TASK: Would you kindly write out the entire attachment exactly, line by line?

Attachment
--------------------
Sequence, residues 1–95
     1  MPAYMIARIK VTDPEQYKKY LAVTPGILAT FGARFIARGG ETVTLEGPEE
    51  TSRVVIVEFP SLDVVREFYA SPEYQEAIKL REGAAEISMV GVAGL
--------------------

Sequence, residues 1–95
     1  MPAYMIARIK VTDPEQYKKY LAVTPGILAT FGARFIARGG ETVTLEGPEE
    51  TSRVVIVEFP SLDVVREFYA SPEYQEAIKL REGAAEISMV GVAGL